Generally I do not hold high expectations of the restaurants situated right by the cable cars’ upper stations. At best, the food there will be reasonably fresh, because of the relative simplicity of delivering the raw ingredients. Today, however, having walked around the Schlossalm for a couple of hours with no breakfast beforehand, I decided to give the Kleine Scharte (which is the name of the restaurant) a chance. After all, I reasoned, the earlier I eat my first Brettljause, the easier it will be for me to complete a second one later on. (In retrospective, I was wrong.)
For whatever reason, the restaurant was operating as self-service today. Upon placing an order, I was handed the drink (no draft beer, unfortunately, only bottles out of a fridge) and a hefty wooden sign with a table number, the idea being that when the main dish is ready, the waiter would bring it to the table on which I place that number. In practice, this was all rather pointless, as my Brettljause arrived something like a minute later. Obviously, the cook was making Brettljausen according to some well-defined and often practiced procedures.
Not that making a Jause like Kleine Scharte’s required a lot of effort. It was one of those “textbook” products that leave hardly any place for creativity: take a board, add slices of Speck, Geselchtes, Schweinsbraten and cheese, drop a ball of Liptauer, a few small slices of Kaminwurzerln, tea butter (don’t even bother unwrapping it), horseradish, cucumber. Fertig.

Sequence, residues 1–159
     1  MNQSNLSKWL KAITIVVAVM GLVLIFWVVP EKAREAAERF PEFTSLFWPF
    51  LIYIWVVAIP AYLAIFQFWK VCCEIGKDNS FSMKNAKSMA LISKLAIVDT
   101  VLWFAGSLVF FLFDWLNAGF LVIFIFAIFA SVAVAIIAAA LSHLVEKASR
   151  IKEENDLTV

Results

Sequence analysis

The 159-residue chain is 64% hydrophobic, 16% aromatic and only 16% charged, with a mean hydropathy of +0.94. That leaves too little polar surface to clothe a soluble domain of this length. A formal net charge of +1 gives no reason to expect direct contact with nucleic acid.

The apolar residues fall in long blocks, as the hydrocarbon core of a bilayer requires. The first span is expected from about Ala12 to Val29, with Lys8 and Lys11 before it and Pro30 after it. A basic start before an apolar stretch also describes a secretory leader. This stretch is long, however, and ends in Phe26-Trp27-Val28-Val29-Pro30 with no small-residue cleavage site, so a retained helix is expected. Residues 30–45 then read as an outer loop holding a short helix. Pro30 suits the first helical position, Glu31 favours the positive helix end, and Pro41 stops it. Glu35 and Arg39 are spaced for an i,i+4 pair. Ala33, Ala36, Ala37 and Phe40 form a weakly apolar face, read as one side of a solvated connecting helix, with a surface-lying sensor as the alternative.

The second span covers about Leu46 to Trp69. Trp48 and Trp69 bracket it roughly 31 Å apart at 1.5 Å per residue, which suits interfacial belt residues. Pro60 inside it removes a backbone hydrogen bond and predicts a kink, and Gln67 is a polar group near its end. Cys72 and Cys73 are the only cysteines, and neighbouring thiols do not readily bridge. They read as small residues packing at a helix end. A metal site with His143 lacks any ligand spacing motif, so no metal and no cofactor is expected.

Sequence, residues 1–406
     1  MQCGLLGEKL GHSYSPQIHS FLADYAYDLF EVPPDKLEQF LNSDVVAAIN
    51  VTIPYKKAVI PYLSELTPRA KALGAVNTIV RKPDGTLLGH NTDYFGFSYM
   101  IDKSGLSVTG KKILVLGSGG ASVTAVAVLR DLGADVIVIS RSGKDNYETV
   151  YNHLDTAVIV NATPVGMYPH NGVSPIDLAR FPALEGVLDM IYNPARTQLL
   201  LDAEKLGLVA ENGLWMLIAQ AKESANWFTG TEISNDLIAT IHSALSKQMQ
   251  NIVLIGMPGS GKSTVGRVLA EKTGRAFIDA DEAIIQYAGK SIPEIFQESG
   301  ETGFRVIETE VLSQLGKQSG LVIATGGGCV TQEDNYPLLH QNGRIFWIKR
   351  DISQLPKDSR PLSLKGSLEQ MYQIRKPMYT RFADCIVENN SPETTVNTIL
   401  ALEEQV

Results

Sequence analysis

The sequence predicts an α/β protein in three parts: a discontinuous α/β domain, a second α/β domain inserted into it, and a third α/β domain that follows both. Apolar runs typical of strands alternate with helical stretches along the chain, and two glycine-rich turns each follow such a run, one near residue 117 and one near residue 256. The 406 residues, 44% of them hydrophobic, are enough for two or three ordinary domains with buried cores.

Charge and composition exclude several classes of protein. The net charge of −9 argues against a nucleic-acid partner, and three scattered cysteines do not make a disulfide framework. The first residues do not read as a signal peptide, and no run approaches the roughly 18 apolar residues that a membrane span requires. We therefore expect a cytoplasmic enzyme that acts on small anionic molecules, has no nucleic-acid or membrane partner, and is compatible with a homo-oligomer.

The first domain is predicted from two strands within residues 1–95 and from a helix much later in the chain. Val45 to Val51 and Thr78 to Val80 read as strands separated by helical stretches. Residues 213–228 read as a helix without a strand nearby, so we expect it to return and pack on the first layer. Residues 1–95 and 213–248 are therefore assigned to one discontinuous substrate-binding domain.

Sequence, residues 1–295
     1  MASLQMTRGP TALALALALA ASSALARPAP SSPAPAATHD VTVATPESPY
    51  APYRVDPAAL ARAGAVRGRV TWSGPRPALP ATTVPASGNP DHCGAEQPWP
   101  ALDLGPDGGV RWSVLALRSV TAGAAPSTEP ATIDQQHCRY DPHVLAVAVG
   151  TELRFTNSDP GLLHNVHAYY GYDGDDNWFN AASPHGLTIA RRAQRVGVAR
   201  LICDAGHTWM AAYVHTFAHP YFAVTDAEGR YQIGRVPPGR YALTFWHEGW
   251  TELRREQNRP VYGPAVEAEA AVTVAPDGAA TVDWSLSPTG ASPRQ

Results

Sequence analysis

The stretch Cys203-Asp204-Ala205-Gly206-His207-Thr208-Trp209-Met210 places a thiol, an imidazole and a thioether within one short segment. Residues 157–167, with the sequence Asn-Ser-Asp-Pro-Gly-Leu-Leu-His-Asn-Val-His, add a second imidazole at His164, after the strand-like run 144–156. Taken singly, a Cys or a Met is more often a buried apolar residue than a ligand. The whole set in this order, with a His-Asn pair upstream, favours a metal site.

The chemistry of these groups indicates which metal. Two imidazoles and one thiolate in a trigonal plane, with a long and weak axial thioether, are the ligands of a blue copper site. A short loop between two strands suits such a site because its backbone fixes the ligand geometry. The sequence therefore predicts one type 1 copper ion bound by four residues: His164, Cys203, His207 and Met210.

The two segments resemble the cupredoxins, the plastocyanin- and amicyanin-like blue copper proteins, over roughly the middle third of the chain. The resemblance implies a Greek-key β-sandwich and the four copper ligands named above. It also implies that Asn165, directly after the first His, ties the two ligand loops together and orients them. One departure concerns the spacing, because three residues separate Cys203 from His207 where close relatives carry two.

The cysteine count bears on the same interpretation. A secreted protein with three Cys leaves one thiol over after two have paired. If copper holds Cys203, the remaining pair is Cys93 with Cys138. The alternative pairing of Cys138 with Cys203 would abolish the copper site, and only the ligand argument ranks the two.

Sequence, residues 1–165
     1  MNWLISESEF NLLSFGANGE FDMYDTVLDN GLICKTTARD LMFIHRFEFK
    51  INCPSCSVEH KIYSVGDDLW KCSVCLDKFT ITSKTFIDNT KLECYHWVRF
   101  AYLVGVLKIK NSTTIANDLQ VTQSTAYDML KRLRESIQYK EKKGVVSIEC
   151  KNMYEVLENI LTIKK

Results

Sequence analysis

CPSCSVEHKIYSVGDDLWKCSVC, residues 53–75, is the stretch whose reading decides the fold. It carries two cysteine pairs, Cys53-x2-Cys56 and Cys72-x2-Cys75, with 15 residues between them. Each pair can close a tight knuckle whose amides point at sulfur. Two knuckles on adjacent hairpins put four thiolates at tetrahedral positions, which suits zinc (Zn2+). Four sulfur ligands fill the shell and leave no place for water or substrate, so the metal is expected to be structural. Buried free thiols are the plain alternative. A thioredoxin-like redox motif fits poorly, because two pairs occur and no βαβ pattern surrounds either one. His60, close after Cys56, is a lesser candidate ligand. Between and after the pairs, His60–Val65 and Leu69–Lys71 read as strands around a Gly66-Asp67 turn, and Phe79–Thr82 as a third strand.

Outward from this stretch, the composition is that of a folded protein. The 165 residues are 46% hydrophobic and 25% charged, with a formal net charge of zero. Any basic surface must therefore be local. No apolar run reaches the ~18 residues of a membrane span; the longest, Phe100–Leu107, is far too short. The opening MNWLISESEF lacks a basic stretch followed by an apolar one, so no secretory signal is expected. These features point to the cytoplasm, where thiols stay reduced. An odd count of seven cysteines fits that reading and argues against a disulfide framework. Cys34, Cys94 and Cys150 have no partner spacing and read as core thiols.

Yet all that manufacturing perfection was destroyed at once by a tiny detail: the board also contained a sharp knife, like the one they give you at the most rustic Tyrolean huts as the only piece of cutlery. In this case, the knife was totally pointless because a) there were plenty on knives and forks on the table anyway and b) all the ingredients were already thinly cut.
As far as the taste went, absolutely nothing in the Brettljause had any “wow” factor. Not even a “well, that’s better than expected” factor. You eat it and feel heaviness, as if a large amount of food has just completed its journey from the outside to the inside of your stomach. Which it, in fact, has.